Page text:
Last summer Two Door Cinema Club closed the lid on ‘Gameshow’, their woozy, disco-slanted third album, in a massive blow out at London’s Community Festival in Finsbury Park. Just down the road and nine months later, the setting for tonight’s intimate comeback performance is Oval Space, packed to the rafters and with some familiar faces in tow, as part of Annie Mac’s AMP London event at venues across the capital.
Fresh from the release of glamorous debut ‘When We Land’, Anteros radiate enthusiasm. ‘Drive On’ churns with a relentless joy, the kind of song that deserves to be played in sun-baked festival fields, and ‘Breakfast’ gets swallowed up by the baying masses.
The room is bursting and hazy with sweat by the time Circa Waves plunge into ‘Wake Up’. This could be a headline show for all they care, such is the tangible excitement that only increases through the set. Cuts from their upcoming LP ‘What’s It Like Over There?’ get the same treatment as the quick-fire classics ‘Fossils’ and ‘Fire That Burns’ - that is to say, mosh pit after mosh pit, reaching an inevitable electrifying apex for ‘T-Shirt Weather’.
Wrapping up that day at Community, Two Door had a stage production to match the huge audience they’ve built over a decade of making great records. Tonight there are no lasers, streamers or fireworks, just four guys, their instruments, and a back catalogue most bands would kill for.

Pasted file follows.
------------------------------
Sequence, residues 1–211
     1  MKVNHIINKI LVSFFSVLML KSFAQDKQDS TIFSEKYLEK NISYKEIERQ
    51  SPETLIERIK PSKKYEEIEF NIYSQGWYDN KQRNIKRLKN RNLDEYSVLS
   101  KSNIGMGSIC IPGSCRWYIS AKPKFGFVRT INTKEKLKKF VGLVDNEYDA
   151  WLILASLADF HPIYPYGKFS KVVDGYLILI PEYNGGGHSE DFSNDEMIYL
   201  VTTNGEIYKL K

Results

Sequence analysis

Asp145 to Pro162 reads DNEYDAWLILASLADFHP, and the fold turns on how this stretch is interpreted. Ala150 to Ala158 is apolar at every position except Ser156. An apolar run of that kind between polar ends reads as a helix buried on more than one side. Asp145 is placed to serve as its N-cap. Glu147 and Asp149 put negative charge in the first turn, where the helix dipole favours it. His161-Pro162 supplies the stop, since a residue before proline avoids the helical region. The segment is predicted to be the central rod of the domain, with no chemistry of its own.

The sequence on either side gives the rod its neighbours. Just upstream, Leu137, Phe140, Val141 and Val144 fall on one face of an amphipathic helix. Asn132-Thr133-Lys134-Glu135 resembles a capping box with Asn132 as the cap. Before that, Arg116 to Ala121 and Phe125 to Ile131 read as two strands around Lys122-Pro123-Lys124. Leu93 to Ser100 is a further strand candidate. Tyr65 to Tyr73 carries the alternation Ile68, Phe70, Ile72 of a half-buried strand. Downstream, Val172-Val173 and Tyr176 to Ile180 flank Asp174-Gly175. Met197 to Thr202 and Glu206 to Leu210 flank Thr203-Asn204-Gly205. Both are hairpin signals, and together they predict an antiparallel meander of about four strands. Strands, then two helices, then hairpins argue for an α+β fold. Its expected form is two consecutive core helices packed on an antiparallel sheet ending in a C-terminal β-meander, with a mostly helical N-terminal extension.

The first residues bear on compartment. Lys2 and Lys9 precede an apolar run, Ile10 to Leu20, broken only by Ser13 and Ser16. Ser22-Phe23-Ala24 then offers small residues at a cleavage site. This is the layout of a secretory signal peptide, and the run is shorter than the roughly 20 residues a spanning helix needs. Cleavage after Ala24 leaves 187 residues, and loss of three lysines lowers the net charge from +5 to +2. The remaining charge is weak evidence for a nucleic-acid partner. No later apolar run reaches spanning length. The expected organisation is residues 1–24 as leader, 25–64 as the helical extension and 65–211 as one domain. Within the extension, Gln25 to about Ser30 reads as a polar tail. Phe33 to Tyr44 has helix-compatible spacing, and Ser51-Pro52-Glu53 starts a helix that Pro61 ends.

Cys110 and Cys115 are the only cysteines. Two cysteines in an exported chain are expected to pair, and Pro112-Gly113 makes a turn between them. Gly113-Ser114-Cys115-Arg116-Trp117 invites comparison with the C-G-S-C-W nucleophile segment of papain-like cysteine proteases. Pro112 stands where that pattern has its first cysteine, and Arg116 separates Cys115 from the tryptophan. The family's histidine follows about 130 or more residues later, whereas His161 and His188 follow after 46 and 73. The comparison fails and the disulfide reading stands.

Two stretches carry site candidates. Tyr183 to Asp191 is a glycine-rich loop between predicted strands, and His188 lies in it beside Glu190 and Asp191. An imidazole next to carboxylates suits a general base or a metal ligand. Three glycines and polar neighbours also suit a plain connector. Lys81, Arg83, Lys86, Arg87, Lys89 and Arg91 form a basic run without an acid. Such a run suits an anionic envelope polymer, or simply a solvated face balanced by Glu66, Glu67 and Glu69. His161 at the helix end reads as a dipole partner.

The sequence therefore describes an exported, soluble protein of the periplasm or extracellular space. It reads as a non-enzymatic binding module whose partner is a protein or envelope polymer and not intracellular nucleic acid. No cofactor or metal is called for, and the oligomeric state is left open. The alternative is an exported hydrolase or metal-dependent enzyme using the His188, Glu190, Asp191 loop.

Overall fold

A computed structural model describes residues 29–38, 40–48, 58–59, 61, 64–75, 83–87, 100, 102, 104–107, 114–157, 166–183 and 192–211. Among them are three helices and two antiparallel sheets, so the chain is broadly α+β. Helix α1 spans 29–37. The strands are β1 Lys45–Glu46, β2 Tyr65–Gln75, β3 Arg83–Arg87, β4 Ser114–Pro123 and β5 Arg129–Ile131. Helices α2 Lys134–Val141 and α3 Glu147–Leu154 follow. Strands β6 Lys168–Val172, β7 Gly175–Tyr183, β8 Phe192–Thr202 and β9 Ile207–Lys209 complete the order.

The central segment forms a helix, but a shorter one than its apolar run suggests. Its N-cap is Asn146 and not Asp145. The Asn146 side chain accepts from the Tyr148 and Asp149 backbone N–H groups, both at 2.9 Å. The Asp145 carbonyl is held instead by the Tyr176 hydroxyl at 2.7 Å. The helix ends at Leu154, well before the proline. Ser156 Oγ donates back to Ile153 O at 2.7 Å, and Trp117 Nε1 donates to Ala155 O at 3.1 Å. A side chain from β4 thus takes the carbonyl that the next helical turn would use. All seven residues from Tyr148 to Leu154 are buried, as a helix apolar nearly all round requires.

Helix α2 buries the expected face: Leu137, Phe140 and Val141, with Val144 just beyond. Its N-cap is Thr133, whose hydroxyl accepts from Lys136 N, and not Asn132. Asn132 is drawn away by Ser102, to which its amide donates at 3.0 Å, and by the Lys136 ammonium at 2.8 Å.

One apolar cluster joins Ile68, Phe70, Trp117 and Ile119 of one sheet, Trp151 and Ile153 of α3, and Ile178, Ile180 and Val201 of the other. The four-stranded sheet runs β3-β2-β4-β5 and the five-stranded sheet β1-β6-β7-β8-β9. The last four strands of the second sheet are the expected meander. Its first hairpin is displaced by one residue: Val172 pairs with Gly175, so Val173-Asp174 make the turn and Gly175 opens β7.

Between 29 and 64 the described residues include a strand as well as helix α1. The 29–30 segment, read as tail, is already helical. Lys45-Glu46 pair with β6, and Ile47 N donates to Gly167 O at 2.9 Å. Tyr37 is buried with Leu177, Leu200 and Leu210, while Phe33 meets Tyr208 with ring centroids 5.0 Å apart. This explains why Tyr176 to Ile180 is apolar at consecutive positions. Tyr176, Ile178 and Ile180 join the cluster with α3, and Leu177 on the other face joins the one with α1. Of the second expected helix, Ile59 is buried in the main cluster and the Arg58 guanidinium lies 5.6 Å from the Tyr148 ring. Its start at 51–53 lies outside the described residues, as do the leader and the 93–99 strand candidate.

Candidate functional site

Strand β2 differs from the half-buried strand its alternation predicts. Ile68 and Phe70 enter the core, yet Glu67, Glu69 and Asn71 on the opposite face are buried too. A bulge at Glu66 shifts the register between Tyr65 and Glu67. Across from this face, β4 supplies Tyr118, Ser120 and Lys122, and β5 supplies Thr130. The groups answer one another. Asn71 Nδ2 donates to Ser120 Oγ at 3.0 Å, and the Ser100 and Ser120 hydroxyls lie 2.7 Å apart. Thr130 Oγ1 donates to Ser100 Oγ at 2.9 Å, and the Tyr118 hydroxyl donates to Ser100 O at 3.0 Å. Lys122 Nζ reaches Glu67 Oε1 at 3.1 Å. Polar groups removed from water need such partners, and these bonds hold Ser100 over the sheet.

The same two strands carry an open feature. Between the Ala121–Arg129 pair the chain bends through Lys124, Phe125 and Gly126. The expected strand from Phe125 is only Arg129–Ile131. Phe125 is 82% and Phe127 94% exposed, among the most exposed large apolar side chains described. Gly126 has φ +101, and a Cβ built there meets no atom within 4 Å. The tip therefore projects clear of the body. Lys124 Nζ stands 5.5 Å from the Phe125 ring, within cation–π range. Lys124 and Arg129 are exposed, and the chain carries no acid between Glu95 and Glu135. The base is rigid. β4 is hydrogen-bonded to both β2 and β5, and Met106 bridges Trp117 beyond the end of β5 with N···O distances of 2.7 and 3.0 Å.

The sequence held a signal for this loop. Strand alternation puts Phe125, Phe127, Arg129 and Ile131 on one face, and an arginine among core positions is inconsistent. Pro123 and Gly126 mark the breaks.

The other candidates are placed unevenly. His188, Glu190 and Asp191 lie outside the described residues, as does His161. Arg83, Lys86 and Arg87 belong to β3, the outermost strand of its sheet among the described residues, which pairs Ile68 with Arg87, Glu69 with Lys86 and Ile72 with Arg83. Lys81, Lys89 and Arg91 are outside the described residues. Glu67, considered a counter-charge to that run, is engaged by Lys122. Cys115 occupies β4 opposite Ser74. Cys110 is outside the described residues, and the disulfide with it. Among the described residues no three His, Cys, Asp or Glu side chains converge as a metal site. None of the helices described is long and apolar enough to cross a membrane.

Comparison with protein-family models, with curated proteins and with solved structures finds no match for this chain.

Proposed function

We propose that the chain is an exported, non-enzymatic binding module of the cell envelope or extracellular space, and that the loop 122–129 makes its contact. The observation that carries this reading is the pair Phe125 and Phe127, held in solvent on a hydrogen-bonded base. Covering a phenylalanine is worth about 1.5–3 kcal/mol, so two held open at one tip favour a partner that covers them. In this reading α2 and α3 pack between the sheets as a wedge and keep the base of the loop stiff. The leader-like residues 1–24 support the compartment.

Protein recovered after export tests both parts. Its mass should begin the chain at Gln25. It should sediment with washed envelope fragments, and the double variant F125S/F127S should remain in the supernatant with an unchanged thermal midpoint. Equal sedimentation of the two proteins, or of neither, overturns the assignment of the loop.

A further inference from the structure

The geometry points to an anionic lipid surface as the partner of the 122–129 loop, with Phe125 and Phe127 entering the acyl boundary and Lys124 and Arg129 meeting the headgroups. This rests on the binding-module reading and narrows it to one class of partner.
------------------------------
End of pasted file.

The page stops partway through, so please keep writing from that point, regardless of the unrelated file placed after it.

‘Talk’ gets its first outing, joining the ranks as an instant classic if the number of shoulder-surfers is anything to go by, but surprisingly no more new material is aired all night. The band’s outfits - suits in primary colours that match the red stage furniture - are the only other hint that there’s even a new ‘era’ coming at all. Instead, Alex, Kevin, and Sam breeze through a set of classics more akin to a Two Door-themed club night than a live gig.
The first chord of ‘Undercover Martyn’ has the place in a frenzy. Fifteen minutes in, they’ve already ticked off ‘I Can Talk’ and ‘What You Know’. “Thanks for coming down”, says Alex with a smile, as if a thousand cap Two Door gig wouldn’t sell out in seconds. Even with non-album tracks like ‘Changing Of the Seasons’ in the set, it’s far from self-indulgent; they’re just giving the people what they want. There’s the odd respite, like the heady groove of ‘Lavender’, but the rest of the night consists of wall-to-wall mania, ‘Sun’ concluding a glorious night celebrating one of these shores’ most beloved groups.
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